It’s Friday and if you made it still in tact, kudos for you. This week has been filled with major chaos and churn. If you’ve been under a rock or without WiFi, you may not have heard there was a major election in the US. We’re still waiting for the final results but the Ranch Hands and I are celebrating some local and statewide proposals. First, Denver voters repealed the city’s 30-year long pit bull ban. This past February, the Denver City Council voted to repeal the ban but the mayor vetoed the ban. His office released this statement at the time saying, “while Mayor Hancock has always been forthright in sharing he could not, in good conscious, sign the bill to overturn Denver’s pit bull ban, he has also been very clear he supported putting this decision in the hands of Denver voters.” While I’m not 100% thrilled with the legislation which doesn’t go into effect until January 1, 2021, it is a step in the right direction. Rather than calling it a repeal of the ban, it’s more accurately a bit of a “time-out” as owners will be granted a special permit to own up to 2 dogs and must comply with other requirements including microchipping and vaccination. If there are no incidents (i.e. dog bite charges filed within three years), the special restrictions can be dropped. Our family has had first hand experience with so-called ‘pit bulls’ and they’ve all been absolute sweethearts. For the record, there is no actual ‘pit bull’ breed that exists but rather a category of various dogs with similar characteristics. A certain type of dog descending from bulldogs and terriers, have been lumped into a category known as the American Pit Bull Terrier breed. First used 1927, the term pit bull is usually considered a heterogeneous grouping including the breeds of American Pit Bull Terrier, American Staffordshire Terrier, American Bully, Staffordshire Bull Terrier and occasionally the American Bulldog, along with any crossbred dog that shares certain physical characteristics with these breeds. It’s canine profiling in our books and we have been outspoken about it for years. City voters approved the repeal with 65% in favor.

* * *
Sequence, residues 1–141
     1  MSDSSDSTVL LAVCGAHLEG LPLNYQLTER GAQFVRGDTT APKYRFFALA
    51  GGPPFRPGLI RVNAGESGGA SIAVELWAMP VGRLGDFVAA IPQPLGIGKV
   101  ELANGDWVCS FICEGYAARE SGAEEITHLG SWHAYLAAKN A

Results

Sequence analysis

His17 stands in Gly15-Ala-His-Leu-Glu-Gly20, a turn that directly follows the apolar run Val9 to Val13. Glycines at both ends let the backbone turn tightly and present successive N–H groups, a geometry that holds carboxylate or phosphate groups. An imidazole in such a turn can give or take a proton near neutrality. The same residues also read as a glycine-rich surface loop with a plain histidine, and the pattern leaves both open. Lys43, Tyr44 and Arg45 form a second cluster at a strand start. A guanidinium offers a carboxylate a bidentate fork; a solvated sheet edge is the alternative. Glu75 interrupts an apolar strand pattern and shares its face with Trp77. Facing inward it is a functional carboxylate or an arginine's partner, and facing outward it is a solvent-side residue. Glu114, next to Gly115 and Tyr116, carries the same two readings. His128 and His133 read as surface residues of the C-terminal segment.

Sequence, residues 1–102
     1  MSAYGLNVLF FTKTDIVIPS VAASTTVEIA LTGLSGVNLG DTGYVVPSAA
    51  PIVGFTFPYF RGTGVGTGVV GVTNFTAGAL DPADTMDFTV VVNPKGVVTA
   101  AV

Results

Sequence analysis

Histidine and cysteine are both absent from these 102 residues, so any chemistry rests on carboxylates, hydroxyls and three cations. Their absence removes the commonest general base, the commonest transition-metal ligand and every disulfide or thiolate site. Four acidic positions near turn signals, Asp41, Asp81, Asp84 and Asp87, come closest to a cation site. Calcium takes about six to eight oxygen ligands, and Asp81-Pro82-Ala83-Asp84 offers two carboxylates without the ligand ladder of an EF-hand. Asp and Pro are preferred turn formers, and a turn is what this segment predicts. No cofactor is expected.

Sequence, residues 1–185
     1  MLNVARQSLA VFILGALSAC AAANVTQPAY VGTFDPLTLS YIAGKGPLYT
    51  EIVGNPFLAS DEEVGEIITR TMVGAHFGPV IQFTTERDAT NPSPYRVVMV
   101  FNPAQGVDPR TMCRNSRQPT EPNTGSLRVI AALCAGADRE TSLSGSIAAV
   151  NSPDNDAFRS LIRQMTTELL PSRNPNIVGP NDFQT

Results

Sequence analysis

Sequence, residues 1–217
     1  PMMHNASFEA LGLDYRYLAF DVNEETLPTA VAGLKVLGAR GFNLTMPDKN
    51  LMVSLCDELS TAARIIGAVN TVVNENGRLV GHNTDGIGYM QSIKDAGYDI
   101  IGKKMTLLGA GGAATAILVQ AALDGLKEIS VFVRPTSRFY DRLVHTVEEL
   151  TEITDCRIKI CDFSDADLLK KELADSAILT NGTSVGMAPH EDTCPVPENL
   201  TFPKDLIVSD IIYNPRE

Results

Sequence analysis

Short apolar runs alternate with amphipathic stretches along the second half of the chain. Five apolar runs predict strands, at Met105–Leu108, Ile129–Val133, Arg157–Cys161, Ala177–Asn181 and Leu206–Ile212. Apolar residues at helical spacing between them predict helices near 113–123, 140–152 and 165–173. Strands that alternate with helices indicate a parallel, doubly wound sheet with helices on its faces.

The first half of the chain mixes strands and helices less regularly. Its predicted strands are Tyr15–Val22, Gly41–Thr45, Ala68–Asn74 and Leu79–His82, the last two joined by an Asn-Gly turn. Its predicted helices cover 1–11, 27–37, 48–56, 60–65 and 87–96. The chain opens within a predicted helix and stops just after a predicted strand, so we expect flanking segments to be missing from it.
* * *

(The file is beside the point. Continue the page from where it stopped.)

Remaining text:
Though not yet certified, it appears that Proposition 114 narrowly passed statewide allowing wolves to be reintroduced on Colorado’s Western Slope. There has been a 40-year effort to return wolf populations to Colorado after they were hunted into extinction in the 1920s.
So enough election results, let’s move on and take a gander at what Mother Nature dished out this week for another episode of Nature Friday where we joined our friends, Rosy, Sunny, Arty and Jakey from LLB in Our Backyard. Our area has officially moved into the brown season where everything is drab, dry and brown. That said, there are some spots of color…but we’ll need to look indoors.
A couple of days ago, one of two cacti at the Ranch started blooming (the other one is coral colored and doesn’t bloom as reliably as this one). It’s still a bit early but it’s vibrant color is very welcomed and hopefully will last until Christmas. Various common names include ‘Christmas cactus, Thanksgiving cactus, crab cactus or holiday cactus.’ This one is likely the genus Schlumbergera, and one of the two groups within the cultivar known as Truncata which displays stem segments with pointed teeth; the flowers are held more or less horizontally, and whose upper side is differently shaped from the lower side (zygomorphic) and been a part of my indoor garden for probably over 20 years. Flowering earlier than members of the second group, Buckley,i it is actually considered a tropical plant hailing from Brazil and requires higher water and humidity requirements than its Southwest cactus buddies. Maintaining these beauties is pretty simple. Water deeply whenever the top inch or so of soil is dry, repot if the soil gets hard or compacted, and allow the water to slowly penetrate the tight soil. Fertilize only when actively growing or when blooming. The soil should be a well-draining potting soil mix. It likes bright, indirect light for best blooming conditions while avoiding cold, drafty spots or locations close to a heat source. Pinch back stem ends following blooming helps make for a bushier plant.
So anything blooming in your indoor garden? Do you have a ‘Christmas cactus? How’s it doing?
We hope you have a lovely weekend where we hope the week’s chaos is finally resolved. Be sure to get out there and enjoy some nature-trust me, it helps. After setting record temperatures the past couple of days conditions may become more typical with a slight chance of moisture. Keep your fingers crossed-we’re in desperate need of wet stuff.
Live, love, bark! 🐾